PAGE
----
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The physical and chemical processes that are used in an oil refinery

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The physical and chemical processes that are used in an oil refinery - BY RICHARD DILLEY Welcome to the Oil Refinery Oil production and refinement is one of the single most important industries in the world today. The crude oil based products we used everyday can include the petrol we use to drive our cars; the kerosene that fuels our planes and the even the roads we drive upon. However, there are many processes that are needed to obtain and develop the parts of the crude oil so that we can use them. Crude oil is made up of hundreds of hydrocarbons, each of which can be a vastly complex arrangement of hydrogen and carbon atoms. Crude oil is in its self, useless, but the solids, gases and liquids dissolved within it are highly valuable and are what first gave crude oil the name "black gold". The vast majority of crude oil is found miles beneath the ocean and as such must be piped from the source to the refineries back on land. At the refinery the oil meets its first process... Fractional Distillation As the crude oil enters the refinery it is heated and passed into a 'distillation column' (shown below). In the column the hottest temperature will be at the bottom and the coolest at the top. ...read more.


However, if the external pressure is reduced the boiling point range can be brought down to a more practical level and therefore further fractions can be obtained from the residue. This is done using a highly pressurized distillation column. The most important use of the crude oil refining process is for making petrol. Making better Petrol As I mentioned earlier, straight-run gasoline was initially used as a fuel for the internal combustion engine, but with mans need for speed and efficiency something had to be done. The most common problem with straight-run gasoline is 'knocking'. Knocking is what happens when the fuel ignites to quickly. In a petrol engine, the fuel must be made to ignite just before the piston reaches the top of the cylinder. If the fuel ignites at the wrong time then the cycle will be far less effective and less power will be produced. This is because the fuel igniting must move the piston the greatest possible amount. If the fuel were to ignite when the piston is only half way up the cylinder then the power output would not be that great. A hydrocarbon or mixture of hydrocarbons tendency to auto-ignite is measure by its octane number. Making the right Octane Number There are many ways for petrol blenders to alter the octane number of the fuel they wish to produce. ...read more.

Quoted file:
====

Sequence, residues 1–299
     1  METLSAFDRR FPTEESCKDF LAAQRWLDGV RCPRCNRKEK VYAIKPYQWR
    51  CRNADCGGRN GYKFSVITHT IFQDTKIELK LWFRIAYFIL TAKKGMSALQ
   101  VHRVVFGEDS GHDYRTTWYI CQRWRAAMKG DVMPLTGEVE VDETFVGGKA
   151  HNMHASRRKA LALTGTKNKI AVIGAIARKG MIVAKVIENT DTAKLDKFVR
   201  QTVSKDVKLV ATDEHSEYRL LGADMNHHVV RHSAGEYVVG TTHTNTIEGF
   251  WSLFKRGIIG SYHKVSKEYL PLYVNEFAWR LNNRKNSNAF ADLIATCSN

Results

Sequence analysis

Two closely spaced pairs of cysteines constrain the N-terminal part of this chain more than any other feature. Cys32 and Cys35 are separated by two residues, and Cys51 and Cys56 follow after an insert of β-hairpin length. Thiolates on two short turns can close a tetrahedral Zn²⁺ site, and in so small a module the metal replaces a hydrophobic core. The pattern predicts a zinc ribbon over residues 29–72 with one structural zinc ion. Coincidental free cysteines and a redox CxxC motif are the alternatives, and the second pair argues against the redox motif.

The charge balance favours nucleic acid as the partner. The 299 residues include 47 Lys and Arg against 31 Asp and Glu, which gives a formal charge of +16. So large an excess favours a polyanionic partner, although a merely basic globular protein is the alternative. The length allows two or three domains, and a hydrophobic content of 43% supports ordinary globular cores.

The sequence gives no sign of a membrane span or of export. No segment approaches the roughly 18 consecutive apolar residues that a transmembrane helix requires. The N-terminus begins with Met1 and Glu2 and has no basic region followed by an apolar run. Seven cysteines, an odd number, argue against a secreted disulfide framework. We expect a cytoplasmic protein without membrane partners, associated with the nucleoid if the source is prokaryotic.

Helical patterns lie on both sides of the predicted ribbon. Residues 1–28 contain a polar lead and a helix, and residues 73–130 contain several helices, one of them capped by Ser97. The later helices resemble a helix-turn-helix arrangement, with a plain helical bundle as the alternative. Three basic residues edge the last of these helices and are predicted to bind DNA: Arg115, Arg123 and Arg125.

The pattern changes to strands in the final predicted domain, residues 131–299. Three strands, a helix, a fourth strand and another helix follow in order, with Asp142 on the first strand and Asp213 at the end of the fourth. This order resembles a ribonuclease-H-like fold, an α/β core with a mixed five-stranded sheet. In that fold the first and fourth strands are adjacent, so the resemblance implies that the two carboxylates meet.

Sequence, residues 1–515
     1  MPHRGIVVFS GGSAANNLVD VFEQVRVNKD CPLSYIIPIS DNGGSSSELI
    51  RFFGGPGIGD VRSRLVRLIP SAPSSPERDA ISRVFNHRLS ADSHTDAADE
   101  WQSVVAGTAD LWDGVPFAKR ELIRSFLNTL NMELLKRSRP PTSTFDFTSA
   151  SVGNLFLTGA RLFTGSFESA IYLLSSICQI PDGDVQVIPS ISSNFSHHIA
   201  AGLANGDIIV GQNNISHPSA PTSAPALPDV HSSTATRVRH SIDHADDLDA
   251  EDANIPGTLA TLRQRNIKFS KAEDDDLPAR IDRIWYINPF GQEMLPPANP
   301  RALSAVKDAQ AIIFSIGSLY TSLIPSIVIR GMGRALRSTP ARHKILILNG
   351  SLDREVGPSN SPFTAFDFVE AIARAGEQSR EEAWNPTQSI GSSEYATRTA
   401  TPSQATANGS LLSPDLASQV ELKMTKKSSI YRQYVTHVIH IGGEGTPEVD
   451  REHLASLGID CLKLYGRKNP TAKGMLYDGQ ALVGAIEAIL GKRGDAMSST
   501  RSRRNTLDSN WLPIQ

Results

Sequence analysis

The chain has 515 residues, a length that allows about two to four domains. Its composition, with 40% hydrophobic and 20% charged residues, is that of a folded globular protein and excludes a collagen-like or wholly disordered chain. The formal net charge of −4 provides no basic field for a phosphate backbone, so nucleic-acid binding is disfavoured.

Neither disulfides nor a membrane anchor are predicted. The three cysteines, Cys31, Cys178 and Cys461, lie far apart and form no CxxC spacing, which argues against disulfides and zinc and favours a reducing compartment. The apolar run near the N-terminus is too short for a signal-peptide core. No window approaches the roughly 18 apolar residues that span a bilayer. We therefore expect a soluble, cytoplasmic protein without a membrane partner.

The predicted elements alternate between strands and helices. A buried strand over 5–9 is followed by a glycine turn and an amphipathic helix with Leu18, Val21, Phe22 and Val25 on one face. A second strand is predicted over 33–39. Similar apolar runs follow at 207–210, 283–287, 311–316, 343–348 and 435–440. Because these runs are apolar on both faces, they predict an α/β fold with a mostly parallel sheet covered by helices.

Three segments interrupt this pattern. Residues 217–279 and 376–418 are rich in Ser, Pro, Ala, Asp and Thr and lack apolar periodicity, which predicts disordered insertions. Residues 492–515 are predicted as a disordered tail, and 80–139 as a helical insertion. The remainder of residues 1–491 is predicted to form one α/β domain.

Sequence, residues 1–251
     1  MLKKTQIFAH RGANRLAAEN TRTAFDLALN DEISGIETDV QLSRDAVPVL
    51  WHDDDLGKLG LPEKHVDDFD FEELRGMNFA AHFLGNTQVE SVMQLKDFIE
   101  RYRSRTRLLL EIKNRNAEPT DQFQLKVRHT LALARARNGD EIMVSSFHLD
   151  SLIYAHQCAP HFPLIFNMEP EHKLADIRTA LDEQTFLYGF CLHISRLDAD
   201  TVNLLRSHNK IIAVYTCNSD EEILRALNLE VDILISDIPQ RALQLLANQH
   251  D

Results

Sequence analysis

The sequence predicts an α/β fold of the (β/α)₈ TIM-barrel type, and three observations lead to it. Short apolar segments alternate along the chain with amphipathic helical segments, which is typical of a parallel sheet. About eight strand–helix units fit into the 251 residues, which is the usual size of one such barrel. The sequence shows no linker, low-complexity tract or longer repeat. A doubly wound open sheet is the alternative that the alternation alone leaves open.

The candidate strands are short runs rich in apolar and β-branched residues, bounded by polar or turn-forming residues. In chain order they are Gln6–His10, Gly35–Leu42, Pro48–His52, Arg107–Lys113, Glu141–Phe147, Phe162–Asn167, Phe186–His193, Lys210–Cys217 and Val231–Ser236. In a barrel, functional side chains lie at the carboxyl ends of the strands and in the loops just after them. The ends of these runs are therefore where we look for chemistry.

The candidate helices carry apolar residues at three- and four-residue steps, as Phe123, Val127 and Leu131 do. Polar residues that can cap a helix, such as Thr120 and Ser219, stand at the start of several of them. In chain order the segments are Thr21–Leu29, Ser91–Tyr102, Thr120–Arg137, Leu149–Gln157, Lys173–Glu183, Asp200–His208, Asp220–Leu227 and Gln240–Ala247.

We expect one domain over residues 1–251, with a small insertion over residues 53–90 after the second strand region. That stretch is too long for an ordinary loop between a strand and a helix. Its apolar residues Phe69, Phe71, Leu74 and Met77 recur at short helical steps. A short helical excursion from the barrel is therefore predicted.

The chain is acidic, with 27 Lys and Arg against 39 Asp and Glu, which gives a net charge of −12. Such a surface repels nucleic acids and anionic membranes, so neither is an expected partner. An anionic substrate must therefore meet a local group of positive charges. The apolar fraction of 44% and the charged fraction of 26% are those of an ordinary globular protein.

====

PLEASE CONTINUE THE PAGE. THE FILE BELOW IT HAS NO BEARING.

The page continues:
The catalyst will have become covered in carbon and will therefore be useless. It has to pass into the 'regenerator' where the carbon is 'burnt' off using the oxygen in air. The products are smaller, lighter hydrocarbons which can be removed from the separator in a gaseous state. Oxygenates The two most common types of oxygenate used in petrol manufacture are alcohols and ethers. Oxygenates are fuels which contain oxygen molecules and they have high octane number. Straight-run gasoline has an octane number of 70 but methanol and ethanol have octane numbers of 114 and 111 respectively. 2-methoxy-2-methylpropane is the most commonly used oxygenate and is used in all performance grades of unleaded: Unleaded regular 93 octane 0.6% MTBE added Unleaded premium 95 octane 2.2% MTBE added Unleaded super plus 98 octane 7.0% MTBE added Blending to make the right fuel The ideal fuel can only be obtained from thorough blending and accurate mixing of the following: straight run gasoline; product from isomerisation; product from catalytic cracking; butane; MTBE; Ethanol; and Methanol. To get the 'right' blend of petrol the blenders must consider the price and performance (octane number) of the petrol. When they have met a balance of these two variables then the petrol will be blended in batches of about 20 000 000 litres and then shipped off to the petrol stations. Thus, our story ends, we have followed the hydrocarbons from their birth as crude oil to their destiny as petrol for the cars that help sustain the lifestyles we live today. 1 ...read more.

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